It will come as no great surprise to regular readers of Skeptophilia that I have a bit of an obsession with considering what the world was like in the past. Both the historical past and the prehistoric, extremely distant past -- thus my fascination with both archaeology and paleontology.
It's easy to fall into the error of looking around and not realizing how extensively things have changed. And not just on geological time scales; after all, by now it's pretty much common knowledge (young-Earth creationists excepted) that if you go back far enough, even the continents have shifted their positions dramatically. But as I found out from an article sent to me by my friend, the wonderful author Gil Miller, there's a place in Kansas where what is now an expanse of widely-separated small towns interspersed with miles of corn and wheat fields was once a thriving metropolis of the Wichita people.
And not that long ago, either.
The Wichita -- in their own language, the Kitikiti'sh -- are a tribe of the central United States related to the Caddo (who live farther south) and the Pawnee (who live farther north). The languages they speak belong to a language family called Caddoan that is an isolate group, related to no other known languages (or, more accurately, any relationship it might have is undetermined). All the languages in the family are critically endangered. The Wichita language itself is effectively extinct; the last native speaker, Doris Jean Lamar-McLemore, died in 2016.
This makes the recent discovery even more staggering (and sad) -- an earthwork fifty meters across that is called a "council circle" (although its actual function is uncertain), part of a network of six such earthworks along an eight-kilometer stretch of the Little Arkansas and Smoky Hill Rivers in central Kansas. The archaeologists studying the site, part of a team from Dartmouth College, believe that at its height, only four hundred years ago, it may have been part of a thriving group of settlements housing over twenty thousand people, meaning it rivals Cahokia as the largest settlement of First Peoples in what is now the United States.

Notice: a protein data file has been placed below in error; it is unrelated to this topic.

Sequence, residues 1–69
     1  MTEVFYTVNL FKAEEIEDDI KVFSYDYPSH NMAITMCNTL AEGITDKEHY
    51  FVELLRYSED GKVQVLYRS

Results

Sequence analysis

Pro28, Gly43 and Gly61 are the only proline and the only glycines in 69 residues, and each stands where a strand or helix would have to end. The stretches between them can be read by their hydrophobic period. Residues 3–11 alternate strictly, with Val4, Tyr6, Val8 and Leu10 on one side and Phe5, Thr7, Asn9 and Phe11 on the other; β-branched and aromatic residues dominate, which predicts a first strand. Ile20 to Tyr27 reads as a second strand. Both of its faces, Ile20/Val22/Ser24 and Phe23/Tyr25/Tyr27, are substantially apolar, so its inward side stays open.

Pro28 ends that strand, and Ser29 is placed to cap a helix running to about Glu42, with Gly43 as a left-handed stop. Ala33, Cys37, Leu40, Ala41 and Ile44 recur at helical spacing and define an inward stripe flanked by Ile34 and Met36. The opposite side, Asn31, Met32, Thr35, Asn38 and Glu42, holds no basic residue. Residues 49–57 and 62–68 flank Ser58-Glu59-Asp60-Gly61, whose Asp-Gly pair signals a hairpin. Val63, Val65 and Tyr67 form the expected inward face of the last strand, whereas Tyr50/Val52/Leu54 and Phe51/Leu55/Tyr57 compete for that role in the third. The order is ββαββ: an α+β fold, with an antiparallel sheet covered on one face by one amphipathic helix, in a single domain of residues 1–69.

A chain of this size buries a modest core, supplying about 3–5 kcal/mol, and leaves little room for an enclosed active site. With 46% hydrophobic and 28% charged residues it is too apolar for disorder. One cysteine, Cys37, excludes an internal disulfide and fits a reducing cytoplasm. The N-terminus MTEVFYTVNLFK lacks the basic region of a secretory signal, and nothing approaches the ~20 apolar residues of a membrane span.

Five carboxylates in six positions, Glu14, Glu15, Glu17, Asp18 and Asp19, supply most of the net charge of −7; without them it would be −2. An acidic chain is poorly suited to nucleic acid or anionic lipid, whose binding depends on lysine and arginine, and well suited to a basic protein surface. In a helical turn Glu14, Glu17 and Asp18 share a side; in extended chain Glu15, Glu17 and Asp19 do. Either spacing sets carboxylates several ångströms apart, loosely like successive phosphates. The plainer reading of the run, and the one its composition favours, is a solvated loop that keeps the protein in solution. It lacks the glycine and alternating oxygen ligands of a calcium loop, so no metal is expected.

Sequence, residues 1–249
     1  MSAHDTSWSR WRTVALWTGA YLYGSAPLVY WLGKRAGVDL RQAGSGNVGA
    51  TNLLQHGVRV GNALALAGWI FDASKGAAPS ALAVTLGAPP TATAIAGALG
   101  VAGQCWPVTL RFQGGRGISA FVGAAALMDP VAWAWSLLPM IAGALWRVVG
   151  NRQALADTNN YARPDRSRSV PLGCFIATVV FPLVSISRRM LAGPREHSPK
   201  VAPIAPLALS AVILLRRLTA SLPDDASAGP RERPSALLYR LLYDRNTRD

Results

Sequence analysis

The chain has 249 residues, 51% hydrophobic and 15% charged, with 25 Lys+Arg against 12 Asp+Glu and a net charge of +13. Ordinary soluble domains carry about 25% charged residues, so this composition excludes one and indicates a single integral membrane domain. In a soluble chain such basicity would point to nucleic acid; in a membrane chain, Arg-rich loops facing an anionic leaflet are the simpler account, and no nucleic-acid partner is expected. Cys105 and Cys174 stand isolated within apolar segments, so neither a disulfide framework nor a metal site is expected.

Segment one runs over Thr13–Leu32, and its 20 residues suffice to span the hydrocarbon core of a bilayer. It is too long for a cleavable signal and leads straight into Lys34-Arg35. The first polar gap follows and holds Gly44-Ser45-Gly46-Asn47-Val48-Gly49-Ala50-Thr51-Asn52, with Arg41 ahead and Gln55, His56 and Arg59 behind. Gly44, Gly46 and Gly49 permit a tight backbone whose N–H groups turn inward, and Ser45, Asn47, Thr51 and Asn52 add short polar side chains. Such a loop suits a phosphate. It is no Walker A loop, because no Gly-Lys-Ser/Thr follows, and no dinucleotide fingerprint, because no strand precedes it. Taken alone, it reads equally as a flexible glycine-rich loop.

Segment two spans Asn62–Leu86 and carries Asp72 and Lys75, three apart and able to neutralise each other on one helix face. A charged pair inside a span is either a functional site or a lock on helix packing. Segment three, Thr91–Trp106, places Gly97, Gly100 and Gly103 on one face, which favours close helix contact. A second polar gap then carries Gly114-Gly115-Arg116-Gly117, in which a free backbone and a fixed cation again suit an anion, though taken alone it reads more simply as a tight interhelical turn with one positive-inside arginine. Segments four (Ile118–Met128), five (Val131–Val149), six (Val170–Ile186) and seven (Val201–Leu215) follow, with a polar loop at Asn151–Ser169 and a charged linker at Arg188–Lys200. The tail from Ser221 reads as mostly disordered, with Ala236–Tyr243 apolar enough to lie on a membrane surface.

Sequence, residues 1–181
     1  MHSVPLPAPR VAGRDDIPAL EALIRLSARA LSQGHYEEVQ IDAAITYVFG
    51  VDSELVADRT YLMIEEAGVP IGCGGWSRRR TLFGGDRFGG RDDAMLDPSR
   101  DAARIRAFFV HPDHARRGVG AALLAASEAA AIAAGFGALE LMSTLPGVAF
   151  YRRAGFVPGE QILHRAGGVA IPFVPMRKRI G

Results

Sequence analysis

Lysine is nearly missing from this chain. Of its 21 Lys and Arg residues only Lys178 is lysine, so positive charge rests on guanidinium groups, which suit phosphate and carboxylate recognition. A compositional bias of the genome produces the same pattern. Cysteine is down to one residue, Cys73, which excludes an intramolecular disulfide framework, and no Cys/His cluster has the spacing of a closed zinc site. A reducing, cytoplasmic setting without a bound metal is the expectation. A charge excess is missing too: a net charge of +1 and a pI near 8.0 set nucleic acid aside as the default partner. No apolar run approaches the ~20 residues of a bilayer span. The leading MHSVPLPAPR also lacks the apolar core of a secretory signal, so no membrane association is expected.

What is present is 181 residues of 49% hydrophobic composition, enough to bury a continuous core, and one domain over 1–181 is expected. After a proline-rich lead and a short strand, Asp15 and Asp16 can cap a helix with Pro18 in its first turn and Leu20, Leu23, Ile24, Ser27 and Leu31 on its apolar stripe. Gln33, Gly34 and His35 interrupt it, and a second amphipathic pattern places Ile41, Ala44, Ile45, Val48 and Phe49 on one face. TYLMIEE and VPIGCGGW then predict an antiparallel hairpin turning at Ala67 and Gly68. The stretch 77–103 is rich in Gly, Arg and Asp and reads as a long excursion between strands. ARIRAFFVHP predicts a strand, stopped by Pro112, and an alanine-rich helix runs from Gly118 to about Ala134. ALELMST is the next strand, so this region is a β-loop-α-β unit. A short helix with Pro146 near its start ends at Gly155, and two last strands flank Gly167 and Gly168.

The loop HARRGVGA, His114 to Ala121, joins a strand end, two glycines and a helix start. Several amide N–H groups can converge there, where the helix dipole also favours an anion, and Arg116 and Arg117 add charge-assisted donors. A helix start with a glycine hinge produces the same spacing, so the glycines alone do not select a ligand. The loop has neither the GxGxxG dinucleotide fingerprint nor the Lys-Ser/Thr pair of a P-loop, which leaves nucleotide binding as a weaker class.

The site has been called Etzanoa -- the name for it given by a man captured there by the Spanish in the seventeenth century -- but what that name meant, and its etymology in the languages spoken at the time, are both unknown.
Because, of course, the apparent prosperity of the inhabitants was not to last. They were living on land valuable to White settlers for cattle ranching and growing commercial crops, and the Wichita were forced off their land, relocated more than once, and finally ended up on a reservation in Oklahoma, most of them in or near the town of Anadarko. Like many other Indigenous people, they also fell prey in huge numbers to infectious disease. As of the last census, there were just under three thousand people who belong to the Wichita tribe.
The current research made use of drones and remote telemetry to locate the site, which was under ranch land and (amazingly) had sustained little damage. Excavation there is ongoing, and has turned up not only Native items but ones from the Spanish and other European settlers, including -- of course -- bullets.
It's astonishing how fast things have changed -- and in this case, there's a deep sense of tragedy. A whole thriving society, with their own language and traditions and culture, erased because of greed, entitlement, racism, and the abuse of power. All we have is the remnants to study, a ghostly trace of a network of cities that once dominated the Great Plains. It's a poor trade for all the lives and knowledge lost, but at least it's something.